Next, we restricted our analysis to introns of protein-coding genes. We observed that 62% of protein-coding genes having at least one ATAC peak with decreased accessibility were marked with H3K79me2, while only 25 and 34% of protein-coding genes associated with ATAC-Up and background-ATAC regions were marked with H3K79me2 (Supplementary Fig. 6f). This indicated that reduced chromatin accessibility upon DOT1L inhibition mostly, but not exclusively, affected regions marked with H3K79me2 in intronic loci. However, the presence of H3K79me2 alone—and its consequent loss upon EPZ treatment—was not a discriminant factor for decreased accessibility.

To assess whether H3K27ac was affected on ATAC-Down enhancers depending on H3K79me2 presence25, we visualized H3K27ac coverage on ATAC-Down enhancers high in H3K79me2, on ATAC-Up and ATAC-Down ATAC enhancers low in H3K79me2, as well as on background-ATAC regions. Results indicated that H3K27ac was not selectively decreased on enhancers in ATAC-Down regions as a consequence of H3K79me2 presence (Supplementary Fig. 6g).

In summary, these data indicated that, in our system, DOT1L inhibition affects binding of SOX2 to some target regions, but that loss of chromatin accessibility neither associate with depletion of H3K27ac nor is it strictly correlated to the occurrence of H3K79me2 enrichment.

Discussion

Here we report on a comprehensive multi-omics study of in vitro neuronal differentiation and on the consequences of DOT1L inhibition for the differentiation process. Our study includes analysis of the quantitative dynamics of chromatin modifications during in vitro neuronal differentiation by the use of a quantitative and high-throughput ChIP-seq method. This is, to our knowledge, the first application of a quantitative strategy to a physiological differentiation setting, and it reveals that the epigenome of neuronal committed cells undergoes global histone modification changes with respect to the pluripotent precursor.

Various studies have documented a progressive chromatin condensation during mESC differentiation4,42,43, but contrasting evidence has been collected regarding the extent and relevance of global histone modification changes for cellular differentiation. For example, Ugarte et al. describe a progressive decrease in nuclease sensitivity during hematopoietic differentiation but fail to detect any significant global changes in histone modifications levels through immunoblotting assessing H3K4me3, H3K27ac, H3K16ac, H4K20me1, H3K36me3, H3K27me3, H3K9me2, and H3K9me342. Efroni et al. characterize global transcriptional and epigenetic changes during mESC-derived NPC differentiation. Their evidence, based on immunoblotting and imaging, suggests that both global RNA levels and active histone modification abundances (e.g., H3K4me3) are decreased in differentiated cells compared to the embryonic precursors4.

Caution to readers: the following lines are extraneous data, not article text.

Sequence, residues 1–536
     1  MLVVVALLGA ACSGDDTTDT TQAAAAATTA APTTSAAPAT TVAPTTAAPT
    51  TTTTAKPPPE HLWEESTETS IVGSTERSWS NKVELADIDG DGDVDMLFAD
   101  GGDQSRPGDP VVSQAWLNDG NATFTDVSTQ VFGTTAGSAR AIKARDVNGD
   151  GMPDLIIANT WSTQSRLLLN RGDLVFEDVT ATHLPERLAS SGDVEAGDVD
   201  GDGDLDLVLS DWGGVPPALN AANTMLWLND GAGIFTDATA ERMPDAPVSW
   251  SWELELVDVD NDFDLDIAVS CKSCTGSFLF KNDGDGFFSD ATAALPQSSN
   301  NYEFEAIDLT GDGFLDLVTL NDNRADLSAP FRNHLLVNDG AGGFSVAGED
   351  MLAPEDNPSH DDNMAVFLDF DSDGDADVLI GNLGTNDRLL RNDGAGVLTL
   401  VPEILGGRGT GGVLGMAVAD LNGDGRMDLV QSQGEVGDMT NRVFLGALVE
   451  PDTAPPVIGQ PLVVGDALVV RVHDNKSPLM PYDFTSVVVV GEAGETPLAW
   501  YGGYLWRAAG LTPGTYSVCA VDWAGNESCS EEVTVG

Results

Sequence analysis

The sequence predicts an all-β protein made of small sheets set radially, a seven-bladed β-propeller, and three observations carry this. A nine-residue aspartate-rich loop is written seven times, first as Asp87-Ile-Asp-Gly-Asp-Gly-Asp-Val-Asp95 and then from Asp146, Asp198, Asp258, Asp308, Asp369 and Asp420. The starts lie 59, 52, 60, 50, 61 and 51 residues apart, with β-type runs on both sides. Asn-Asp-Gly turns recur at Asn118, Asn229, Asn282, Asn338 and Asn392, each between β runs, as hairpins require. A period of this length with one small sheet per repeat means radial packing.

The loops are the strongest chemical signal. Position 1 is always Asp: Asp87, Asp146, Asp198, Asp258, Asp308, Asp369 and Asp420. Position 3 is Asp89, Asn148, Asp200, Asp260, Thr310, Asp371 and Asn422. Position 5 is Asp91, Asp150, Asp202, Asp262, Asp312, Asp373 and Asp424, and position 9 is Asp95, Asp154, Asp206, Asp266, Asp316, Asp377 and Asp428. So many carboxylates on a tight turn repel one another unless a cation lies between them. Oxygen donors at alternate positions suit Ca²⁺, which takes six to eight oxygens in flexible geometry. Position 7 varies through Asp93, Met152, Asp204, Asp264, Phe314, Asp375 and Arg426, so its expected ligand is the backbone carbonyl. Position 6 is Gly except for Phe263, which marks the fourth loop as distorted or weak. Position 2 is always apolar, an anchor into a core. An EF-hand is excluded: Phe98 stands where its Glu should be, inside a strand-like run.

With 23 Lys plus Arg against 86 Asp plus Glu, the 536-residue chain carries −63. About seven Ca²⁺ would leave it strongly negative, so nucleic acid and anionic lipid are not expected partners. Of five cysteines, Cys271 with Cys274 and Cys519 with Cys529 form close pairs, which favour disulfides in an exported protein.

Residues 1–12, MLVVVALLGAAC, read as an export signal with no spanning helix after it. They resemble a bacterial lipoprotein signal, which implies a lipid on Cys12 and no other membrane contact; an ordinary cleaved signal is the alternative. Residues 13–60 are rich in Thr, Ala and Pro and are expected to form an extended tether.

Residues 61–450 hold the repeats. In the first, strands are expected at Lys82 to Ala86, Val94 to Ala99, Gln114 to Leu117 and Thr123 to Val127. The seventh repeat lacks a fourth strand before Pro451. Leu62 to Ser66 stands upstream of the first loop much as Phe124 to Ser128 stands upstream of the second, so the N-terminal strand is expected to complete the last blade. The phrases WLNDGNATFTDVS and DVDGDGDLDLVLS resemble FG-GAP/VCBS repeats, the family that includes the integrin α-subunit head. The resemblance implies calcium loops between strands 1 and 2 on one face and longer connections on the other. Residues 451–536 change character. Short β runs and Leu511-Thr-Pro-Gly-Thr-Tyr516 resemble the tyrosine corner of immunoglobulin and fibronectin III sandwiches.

In contrast to these previous studies, here we use a quantitative ChIP-seq protocol (RELACS) to estimate global histone modification changes. Our main finding is that only H3K27ac and H3K79me2 levels change globally, in opposite directions, during in vitro neuronal differentiation, through genome-wide acting mechanisms.

Biologically, these results show that the progressive chromatin condensation observed during in vitro neuronal differentiation mostly follows from a genome-wide deacetylation process, while a smaller contribution may come from the global accumulation of repressive histone modifications (e.g., H3K9me3)44. Loss of H3K27ac is consistent with chromatin condensation1, as H3K27ac is a mark associated with loose chromatin packaging and is known to be highly abundant in mESC44,45.

Secondly, our data show that H3K79me2 increases globally during neuronal differentiation in vitro. Michowski et al.46 have recently shown that DOT1L localization and activity is controlled by CDK1 in mESC, causing global epigenetic effects during differentiation. The proposed mechanism is consistent with the global H3K79me2 increase that we observe during neuronal differentiation. Developmental gain of local enrichment of H3K79me2 associates with transcriptional activation of genes critical for neuronal differentiation, although the accumulation may be a byproduct of transcription. Previous reports have shown that the ectopic localization of DOT1L to the promoter region of few target genes, and the consequent accumulation of H3K79me2, is not sufficient to initiate transcription47.